Going Undercover

Landfill operators should thoroughly consider several factors before choosing a daily cover material.

The U.S. Environmental Protection Agency (EPA) requires the daily application of cover over landfilled solid waste for several reasons. According to the Code of Federal Regulations, "owners and operators of all municipal solid waste landfill units must cover disposed solid waste with 6 inches of earthen material at the end of each operating day, or at more frequent intervals if necessary, to control disease vectors, fires, odors, blowing litter and scavenging." Since the promulgation of these requirements under EPA's Subtitle D regulations in 1991, the benefits of using daily cover have been corroborated by many years of landfill operation. The benefits include:

  • Disease vector control. Daily cover helps curb the number of disease-carrying birds, insects and rodents. The placement of daily cover reduces food sources for these animals, the presence of breeding environments for birds and rodents, and prevents the emergence of insects from the waste.

  • Odor and air emission control. Daily cover prevents exposure of the waste surface to the wind, thereby reducing the amount and extent of odors and air emissions.

  • Litter control. Daily cover reduces blowing litter and improves the overall site appearance.

  • Groundwater and surface water protection. Daily cover minimizes the infiltration of rainwater and runoff into the waste mass, thereby reducing leachate generation and the potential for surface water and groundwater contamination.

  • Fire prevention. Daily cover reduces the contact of potentially combustible materials to air and ignition sources, and provides a temporary firebreak to prevent the spread of flames.

  • Vehicle access. Soil daily cover provides a more stable surface for landfill vehicles to travel across and helps to provide a soil matrix to enhance compaction and landfill stability.

Material Selection

In addition to meeting the regulatory and the minimum performance requirements listed above, landfill owners and operators must consider several other factors when deciding on the best type of daily cover for their sites. The factors include:

  • Readily available material. The material used for daily cover must be easily obtained from on-site areas, known as "borrow areas," or consist of materials stockpiled at the site. Furthermore, whatever materials are used, the application equipment will need to be available on a daily basis.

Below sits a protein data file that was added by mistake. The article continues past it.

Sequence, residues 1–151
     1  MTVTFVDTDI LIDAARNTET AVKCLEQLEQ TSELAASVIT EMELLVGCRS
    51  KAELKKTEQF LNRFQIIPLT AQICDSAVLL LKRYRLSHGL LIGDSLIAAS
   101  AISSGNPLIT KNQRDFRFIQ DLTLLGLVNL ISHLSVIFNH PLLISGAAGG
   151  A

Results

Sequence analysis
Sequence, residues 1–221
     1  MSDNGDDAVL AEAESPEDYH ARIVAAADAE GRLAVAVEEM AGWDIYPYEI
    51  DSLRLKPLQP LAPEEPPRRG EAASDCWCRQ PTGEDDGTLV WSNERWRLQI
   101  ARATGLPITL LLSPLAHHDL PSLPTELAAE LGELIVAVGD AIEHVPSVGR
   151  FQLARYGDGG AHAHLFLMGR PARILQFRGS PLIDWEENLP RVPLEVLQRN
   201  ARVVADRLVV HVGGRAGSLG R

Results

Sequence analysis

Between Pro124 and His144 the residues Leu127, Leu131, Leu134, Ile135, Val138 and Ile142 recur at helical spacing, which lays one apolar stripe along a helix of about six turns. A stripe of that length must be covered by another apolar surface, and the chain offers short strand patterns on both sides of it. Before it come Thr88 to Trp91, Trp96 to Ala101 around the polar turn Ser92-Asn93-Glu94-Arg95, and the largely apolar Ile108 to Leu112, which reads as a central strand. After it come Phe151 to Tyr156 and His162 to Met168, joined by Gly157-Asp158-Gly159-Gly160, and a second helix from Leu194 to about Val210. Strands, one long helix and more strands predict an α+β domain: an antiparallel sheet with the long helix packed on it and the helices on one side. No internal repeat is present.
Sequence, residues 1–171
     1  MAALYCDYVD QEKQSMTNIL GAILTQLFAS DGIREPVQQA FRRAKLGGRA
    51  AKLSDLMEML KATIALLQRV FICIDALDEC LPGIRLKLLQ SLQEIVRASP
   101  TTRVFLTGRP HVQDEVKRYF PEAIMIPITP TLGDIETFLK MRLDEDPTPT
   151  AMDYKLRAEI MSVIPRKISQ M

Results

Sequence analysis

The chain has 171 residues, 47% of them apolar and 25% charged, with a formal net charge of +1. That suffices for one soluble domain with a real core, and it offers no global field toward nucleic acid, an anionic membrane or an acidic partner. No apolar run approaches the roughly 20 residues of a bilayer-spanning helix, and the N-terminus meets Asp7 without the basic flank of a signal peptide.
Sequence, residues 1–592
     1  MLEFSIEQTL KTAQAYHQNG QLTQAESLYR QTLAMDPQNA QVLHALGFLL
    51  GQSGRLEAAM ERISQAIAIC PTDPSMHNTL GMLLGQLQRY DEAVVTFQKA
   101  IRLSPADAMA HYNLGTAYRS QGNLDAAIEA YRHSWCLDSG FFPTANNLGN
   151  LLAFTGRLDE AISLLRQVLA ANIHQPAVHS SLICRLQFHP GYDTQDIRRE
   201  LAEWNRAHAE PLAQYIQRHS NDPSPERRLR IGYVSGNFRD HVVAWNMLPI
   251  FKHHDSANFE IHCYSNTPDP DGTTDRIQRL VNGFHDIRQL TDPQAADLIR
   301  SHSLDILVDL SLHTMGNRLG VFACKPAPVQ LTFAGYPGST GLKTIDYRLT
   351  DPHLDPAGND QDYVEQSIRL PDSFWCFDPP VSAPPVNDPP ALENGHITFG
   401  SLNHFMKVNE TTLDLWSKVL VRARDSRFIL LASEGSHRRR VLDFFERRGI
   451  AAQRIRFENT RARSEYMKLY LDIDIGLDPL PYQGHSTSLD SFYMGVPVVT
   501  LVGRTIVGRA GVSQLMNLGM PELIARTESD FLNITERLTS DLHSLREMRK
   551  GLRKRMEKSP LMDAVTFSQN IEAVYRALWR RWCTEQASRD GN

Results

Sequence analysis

• Cover properties. The daily cover material must have a particle size, moisture content and other material properties that are consistent with overall site operations. For example, a fine particle, such as clay soil, is not conducive for use as daily cover of a landfill with higher than average precipitation or a site that recirculates leachate.

  • Application. There are many materials besides soil that can be used as daily cover, but the application can be difficult in certain locations or require skills that employees don't possess. A realistic consideration of the ease of cover application is an important part of operations planning.

  • Types of waste. The kind of material that will be covered must be considered when selecting a cover. Food waste, asbestos waste, medical waste, dead animals and construction/demolition debris all require different cover thicknesses and intervals.

  • Climate. Weather conditions — including average and peak rainfall, temperature, strength and direction of prevailing winds, and the possibility of drought or hurricanes — must be considered when evaluating options for daily cover.

  • Overall cost. The base unit cost of the daily cover material often can be estimated by consideration of labor rates and equipment operation expenses. The hidden cost of materials includes storage, difficulties encountered during placement and a lack of performance during periods of intense rainfall, winds or drought. Balanced consideration of the labor, material and hidden costs will yield a realistic estimate of the overall cost.

Maximizing Airspace

Most landfill owners recognize that site design and compaction play important roles in how airspace is used at a landfill, but these factors are only the beginning. Optimal use of landfill airspace is achieved through the effective management and placement of daily cover. Based on multiple landfill test pit excavations, the actual depth of daily cover typically ranges from 12 to just more than 16 inches. These daily cover thicknesses were observed on landfill sites with aggressive waste compaction programs and average waste/cover soil densities of at least 1,400 pounds per cubic yard.